Global Security Newswire
Daily News on Nuclear, Biological & Chemical Weapons, Terrorism and Related Issues
House Passes Bill Blocking U.S.-Russian Arms Control Funds
The U.S. House on Thursday approved a bill that seeks to keep the Obama administration from implementing a strategic arms control treaty with Russia.
In a vote of 233-191, Congress' lower chamber approved an amendment to its annual defense-authorization legislation that would provisionally block the Pentagon from using any fiscal 2015 funds to implement the New START accord. Expenditures would be prohibited until Moscow is deemed in compliance with several other arms control agreements, is "no longer illegally occupying" the Crimean Peninsula, and ceases destabilizing activities in other parts of Ukraine.
The House went on to approve the Fiscal 2015 National Defense Authorization Act by a 325-98 vote. The White House earlier this week threatened to veto the bill over a number of its nuclear nonproliferation, missile defense and other military measures. The Senate is currently drafting its own version of the policy-setting legislation.
The New START pact entered into force in February 2011, after the Obama administration lobbied fiercely for its passage in the Senate. The treaty is considered one of President Obama's key foreign policy accomplishments. It requires the United States and Russia by 2018 to cap their respective fielded long-range nuclear arsenals at 1,550 warheads. The pact also requires each side to limit to 800 its deployed and nondeployed strategic delivery platforms, including bomber aircraft and ground- and submarine-based ballistic missiles.
The amendment on New START implementation was introduced by Representative Doug Lamborn (R-Colo.), who sits on the House Armed Services Strategic Forces Subcommittee.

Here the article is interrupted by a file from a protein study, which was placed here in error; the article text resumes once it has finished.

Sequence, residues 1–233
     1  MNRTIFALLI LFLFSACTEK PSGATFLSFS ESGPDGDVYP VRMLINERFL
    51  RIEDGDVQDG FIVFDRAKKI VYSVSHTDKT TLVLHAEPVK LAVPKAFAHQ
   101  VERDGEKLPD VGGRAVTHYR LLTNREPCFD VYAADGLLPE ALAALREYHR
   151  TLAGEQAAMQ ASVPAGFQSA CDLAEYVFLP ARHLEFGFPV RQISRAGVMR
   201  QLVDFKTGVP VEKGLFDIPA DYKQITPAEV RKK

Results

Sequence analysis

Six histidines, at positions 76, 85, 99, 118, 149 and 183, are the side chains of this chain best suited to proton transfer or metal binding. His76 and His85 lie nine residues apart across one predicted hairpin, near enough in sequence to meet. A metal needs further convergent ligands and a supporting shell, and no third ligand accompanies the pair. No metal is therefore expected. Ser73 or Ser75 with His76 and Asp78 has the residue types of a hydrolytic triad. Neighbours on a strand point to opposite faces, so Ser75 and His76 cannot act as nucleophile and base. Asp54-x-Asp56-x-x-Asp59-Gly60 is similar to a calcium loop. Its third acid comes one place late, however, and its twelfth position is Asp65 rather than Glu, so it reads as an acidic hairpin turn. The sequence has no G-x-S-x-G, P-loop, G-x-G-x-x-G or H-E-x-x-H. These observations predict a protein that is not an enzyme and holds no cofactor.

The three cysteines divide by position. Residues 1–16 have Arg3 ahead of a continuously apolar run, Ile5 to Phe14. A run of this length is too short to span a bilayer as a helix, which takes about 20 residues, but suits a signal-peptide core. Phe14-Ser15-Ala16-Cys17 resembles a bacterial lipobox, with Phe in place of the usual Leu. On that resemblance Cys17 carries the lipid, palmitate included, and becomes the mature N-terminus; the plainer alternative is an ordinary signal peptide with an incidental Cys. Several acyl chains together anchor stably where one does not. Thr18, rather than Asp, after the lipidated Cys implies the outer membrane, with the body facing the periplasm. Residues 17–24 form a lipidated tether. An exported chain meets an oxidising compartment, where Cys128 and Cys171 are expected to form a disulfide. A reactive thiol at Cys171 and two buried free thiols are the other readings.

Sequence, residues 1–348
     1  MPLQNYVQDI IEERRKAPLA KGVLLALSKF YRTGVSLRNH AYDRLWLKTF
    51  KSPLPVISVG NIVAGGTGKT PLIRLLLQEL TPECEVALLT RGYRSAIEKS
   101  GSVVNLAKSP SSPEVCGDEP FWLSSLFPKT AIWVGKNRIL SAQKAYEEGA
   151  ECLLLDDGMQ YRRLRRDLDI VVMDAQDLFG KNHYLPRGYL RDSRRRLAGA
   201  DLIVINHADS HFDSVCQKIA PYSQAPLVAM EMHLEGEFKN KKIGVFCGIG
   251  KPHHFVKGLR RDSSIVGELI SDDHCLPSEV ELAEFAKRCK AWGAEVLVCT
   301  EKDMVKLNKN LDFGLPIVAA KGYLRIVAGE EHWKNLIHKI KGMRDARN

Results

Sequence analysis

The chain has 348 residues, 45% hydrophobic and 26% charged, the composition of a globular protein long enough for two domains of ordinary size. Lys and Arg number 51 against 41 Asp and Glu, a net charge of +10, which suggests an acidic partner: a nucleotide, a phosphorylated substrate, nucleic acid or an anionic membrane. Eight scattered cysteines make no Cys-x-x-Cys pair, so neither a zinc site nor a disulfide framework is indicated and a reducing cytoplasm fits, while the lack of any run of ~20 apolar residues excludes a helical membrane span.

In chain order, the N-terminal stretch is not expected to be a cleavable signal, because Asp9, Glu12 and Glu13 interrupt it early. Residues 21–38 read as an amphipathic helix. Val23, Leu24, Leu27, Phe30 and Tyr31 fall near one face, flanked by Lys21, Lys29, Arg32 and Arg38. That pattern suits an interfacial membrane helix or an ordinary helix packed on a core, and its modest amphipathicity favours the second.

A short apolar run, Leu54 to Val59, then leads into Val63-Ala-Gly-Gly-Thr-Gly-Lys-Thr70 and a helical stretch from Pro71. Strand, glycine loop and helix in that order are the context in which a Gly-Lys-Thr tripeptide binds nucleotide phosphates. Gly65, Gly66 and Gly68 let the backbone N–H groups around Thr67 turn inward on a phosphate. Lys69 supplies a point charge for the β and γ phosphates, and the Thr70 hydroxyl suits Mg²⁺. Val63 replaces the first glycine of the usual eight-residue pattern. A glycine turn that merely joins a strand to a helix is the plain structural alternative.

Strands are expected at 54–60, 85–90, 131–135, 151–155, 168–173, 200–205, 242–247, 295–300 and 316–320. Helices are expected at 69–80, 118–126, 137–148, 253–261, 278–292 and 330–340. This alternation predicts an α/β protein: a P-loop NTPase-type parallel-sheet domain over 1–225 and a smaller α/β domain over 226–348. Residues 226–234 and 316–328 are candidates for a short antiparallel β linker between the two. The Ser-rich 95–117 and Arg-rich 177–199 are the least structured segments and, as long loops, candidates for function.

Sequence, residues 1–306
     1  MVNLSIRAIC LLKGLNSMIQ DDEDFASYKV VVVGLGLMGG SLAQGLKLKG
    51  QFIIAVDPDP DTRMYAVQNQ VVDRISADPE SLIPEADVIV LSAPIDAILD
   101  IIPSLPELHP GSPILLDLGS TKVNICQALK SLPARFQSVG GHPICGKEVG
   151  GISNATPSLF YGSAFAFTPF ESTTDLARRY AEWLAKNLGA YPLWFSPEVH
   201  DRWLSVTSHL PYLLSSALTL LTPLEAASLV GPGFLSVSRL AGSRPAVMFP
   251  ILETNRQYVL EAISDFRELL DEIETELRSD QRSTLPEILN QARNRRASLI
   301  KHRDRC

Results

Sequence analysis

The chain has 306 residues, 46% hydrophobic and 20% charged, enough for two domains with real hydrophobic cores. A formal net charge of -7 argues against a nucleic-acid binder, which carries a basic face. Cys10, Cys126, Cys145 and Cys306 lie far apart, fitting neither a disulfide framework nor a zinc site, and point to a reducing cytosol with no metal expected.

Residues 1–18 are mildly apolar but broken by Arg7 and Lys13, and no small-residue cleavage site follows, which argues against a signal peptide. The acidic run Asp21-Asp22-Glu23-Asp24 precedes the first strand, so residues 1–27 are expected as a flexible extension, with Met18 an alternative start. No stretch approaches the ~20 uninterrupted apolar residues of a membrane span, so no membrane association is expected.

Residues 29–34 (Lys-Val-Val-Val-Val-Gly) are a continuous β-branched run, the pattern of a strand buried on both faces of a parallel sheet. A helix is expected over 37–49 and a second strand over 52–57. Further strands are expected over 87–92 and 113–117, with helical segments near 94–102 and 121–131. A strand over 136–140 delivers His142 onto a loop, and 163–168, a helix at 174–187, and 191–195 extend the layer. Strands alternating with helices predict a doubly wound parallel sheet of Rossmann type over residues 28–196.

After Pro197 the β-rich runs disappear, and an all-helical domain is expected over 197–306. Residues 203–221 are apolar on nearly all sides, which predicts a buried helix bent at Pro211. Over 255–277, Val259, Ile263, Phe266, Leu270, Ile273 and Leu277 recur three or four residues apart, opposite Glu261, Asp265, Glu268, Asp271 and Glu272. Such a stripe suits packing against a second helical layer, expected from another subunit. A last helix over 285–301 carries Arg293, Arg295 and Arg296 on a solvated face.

"I am pleased that the House adopted my resolution by an overwhelming, bipartisan majority," Lamborn said in an emailed statement to Global Security Newswire. "I don’t think the United States should be spending money to disarm ourselves -- to dramatically cut our strategic nuclear deterrent -- if the other party to the treaty requiring these cuts is verifiably dishonest."
The Obama administration is on record as being concerned that Russia may not be in compliance with the 1987 Intermediate-Range Nuclear Forces Treaty, which outlaws either side from testing or deploying any cruise or ballistic missile with ranges between 300 and 3,400 miles. The focus of the concerns reportedly is the test-launching in recent years of different missiles to ranges forbidden by the accord.
"The Russian Federation is clearly not trustworthy," Lamborn said. "Their actions in Ukraine and violation of agreements such as the INF treaty and [Conventional Armed Forces in Europe Treaty] should be cause for great concern." The latter arms control treaty is a multinational pact that restricts deployments of heavy conventional weaponry on the continent; Russia withdrew from the accord in 2007.
The House also approved an amendment -- sponsored by Representative Trent Franks (R-Ariz.) -- that would boost fiscal 2015 funding by $99 million for the purchase of Standard Missile 3 Block 1B interceptors.
"My amendment would restore nine of the vital SM3-1B interceptors this administration would have otherwise cut from our defense budget," said Franks, who co-chairs the Congressional Missile Defense Caucus, in a statement to GSN.
The Raytheon Co.-produced Block 1B missile is designed to destroy short- and medium-range ballistic missiles. The weapon is slated for deployment on four U.S. Aegis-equipped warships homeported in Spain and at an as-yet unfinished installation in Romania, as part of the Obama administration's plan for supporting NATO missile defense.
The measure offsets the hike in spending by making a $75.3 million cut to the budget of a cross-service reconnaissance aircraft and a $23.7 million cut to an effort to implement benefit-reform proposals in the Defense Health Program.
"The rogue missile threat to the United States and our allies is inarguably and relentlessly expanding," Franks said. "The best way to negate these threats is a credible, comprehensive missile defense system."
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